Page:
It’s easy to think that winning the lottery would be the best thing that could happen to you. After all, who wouldn’t want to suddenly have lots of money?
However, guessing the winning numbers might turn out to be as much of a curse as it is a blessing. The harsh truth is that there are plenty of lottery winners who have lost their winning money. Exessive spending, risky investments and poor money management can burn through a sudden windfall in next to no time.
In this article, we explore the reasons why so many lottery winners go broke.
How many lottery winners actually go broke?
Various news outlets report that 70% of people who win a lottery or get a big windfall end up broke in a few years, quoting a study by National Endowment for Financial Education (NEFE). However, NEFE has clarified this data isn’t backed by their research.
Another research has found that the average person in their 20s, 30s and 40s who was given an inheritance or large financial gift quickly lost half the money through spending or poor investments.
While it’s impossible to know exactly how many lottery winners go broke, the available data suggests that it’s a fairly common issue.
Further studies have found that winning the lottery generally didn’t help financially distressed people escape their troubles. Instead, it only postponed the inevitable bankruptcy.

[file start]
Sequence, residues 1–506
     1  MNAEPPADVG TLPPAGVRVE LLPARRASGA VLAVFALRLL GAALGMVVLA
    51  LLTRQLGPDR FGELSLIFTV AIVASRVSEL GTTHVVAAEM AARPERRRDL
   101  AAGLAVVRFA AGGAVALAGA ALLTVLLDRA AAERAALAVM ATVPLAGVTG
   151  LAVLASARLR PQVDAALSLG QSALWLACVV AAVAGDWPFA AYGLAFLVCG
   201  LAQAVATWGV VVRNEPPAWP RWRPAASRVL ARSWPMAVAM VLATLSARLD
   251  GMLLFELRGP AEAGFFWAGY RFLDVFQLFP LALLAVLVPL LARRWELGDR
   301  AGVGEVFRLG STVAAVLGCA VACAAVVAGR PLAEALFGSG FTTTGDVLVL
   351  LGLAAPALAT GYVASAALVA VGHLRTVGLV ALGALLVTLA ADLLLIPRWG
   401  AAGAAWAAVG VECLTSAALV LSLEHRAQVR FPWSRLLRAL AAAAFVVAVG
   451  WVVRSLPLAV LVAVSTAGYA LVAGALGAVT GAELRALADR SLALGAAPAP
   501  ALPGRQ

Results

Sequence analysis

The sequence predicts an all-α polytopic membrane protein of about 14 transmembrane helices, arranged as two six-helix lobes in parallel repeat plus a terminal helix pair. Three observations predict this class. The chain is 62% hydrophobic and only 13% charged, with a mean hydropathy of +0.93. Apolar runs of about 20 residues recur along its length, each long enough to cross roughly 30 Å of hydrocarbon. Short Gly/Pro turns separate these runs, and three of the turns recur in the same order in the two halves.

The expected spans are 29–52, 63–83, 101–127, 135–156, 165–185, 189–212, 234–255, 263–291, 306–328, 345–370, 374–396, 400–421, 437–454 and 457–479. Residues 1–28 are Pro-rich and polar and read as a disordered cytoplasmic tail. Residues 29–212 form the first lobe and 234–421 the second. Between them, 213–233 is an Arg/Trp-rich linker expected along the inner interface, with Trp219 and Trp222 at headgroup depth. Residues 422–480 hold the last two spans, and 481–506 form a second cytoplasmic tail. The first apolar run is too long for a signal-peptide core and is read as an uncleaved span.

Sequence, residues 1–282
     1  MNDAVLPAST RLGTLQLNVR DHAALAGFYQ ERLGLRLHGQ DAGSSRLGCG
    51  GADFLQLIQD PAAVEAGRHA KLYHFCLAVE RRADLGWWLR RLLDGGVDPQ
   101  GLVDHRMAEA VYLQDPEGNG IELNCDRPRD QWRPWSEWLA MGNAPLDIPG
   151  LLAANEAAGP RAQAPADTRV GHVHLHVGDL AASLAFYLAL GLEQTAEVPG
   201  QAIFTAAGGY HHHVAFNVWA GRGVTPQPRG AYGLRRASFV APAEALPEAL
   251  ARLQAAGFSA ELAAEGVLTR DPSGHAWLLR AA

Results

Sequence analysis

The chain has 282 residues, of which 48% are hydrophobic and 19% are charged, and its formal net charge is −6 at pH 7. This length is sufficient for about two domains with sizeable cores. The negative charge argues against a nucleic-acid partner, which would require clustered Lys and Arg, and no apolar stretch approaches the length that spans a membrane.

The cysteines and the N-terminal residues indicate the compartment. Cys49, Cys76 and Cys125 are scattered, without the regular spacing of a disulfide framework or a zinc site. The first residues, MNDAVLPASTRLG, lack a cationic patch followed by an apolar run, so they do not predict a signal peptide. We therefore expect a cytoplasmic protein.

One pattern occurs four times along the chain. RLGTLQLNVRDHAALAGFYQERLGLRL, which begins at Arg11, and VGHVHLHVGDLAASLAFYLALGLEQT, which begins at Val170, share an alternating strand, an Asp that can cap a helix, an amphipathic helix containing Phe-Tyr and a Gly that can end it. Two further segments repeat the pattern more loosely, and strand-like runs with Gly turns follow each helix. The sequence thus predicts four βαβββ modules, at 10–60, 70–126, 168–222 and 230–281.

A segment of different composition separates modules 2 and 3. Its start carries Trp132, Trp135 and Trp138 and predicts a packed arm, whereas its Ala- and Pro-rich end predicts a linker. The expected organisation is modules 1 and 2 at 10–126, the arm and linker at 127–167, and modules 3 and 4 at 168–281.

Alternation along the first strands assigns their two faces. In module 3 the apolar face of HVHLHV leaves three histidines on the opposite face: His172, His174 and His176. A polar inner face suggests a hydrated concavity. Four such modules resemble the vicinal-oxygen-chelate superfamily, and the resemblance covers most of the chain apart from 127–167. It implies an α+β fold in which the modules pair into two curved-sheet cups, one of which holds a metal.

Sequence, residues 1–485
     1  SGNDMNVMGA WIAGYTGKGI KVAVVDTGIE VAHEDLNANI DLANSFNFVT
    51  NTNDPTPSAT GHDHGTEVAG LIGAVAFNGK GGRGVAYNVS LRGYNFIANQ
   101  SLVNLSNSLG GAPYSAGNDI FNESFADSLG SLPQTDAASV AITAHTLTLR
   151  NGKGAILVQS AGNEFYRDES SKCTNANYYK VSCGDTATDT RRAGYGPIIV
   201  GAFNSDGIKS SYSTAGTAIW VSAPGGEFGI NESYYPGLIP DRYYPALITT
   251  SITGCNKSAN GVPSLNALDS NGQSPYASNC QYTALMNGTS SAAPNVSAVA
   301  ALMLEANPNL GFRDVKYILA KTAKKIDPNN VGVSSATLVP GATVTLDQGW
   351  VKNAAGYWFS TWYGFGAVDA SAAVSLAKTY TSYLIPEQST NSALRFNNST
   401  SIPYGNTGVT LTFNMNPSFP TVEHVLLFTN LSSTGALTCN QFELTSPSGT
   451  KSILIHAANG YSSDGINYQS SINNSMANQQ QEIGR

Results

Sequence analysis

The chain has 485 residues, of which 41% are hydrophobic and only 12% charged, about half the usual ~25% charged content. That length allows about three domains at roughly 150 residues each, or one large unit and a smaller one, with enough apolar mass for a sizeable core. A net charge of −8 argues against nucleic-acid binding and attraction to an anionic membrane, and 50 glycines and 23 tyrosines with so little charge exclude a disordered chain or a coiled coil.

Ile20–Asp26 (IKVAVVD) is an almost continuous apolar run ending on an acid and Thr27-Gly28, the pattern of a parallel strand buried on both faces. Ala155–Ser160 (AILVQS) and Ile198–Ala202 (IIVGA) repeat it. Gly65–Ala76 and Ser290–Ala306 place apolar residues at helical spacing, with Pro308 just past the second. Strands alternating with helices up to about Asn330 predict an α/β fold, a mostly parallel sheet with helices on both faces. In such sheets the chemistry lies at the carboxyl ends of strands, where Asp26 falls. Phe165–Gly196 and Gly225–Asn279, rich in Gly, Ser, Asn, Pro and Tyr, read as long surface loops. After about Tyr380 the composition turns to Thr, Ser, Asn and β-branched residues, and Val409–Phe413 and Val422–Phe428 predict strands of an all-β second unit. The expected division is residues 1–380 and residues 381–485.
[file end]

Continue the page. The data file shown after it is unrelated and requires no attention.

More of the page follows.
Accordingly to the book The Emotional Life of Money, lottery winners frequently become estranged from family and friends. They also have a greater incidence of depression, drug and alcohol abuse, divorce, and suicide than an average person. Like losing all the money wasn’t already enough!
Who plays the lottery?
According to Lottoland, a staggering 70% of the adults in the UK take part in the national lottery on a regular basis. Unsurprisingly, the upper and middle class are less likely to partake than someone who is working class. Lottoland also reports that people on benefits are 4% more likely to buy a ticket than those who are not.
Similar findings were made in the US. A study by Duke University suggests that one-third of the poorest households in the US contribute to half of all lottery ticket sales.
So why do the working classes play more lottery? A German study found that people who find their daily efforts to get out of poverty futile and are surrounded by peers that also gamble spend more money on lottery tickets.
Lack of money management skills
Being poor and lack of financial literacy often go hand in hand. However, it’s not only the poorest households that lack basic personal finance skills. In fact, almost half of UK adults say they need help managing their day-to-day finances. In addition, 44% say they would be in much better shape financially if they had learnt basic money management skills earlier. Therefore, the absence of money management skills is potentially the one of biggest contributing factor to lottery winners going broke. Without these skills, it’s easy for lottery winners to make reckless financial decisions.
No professional money advice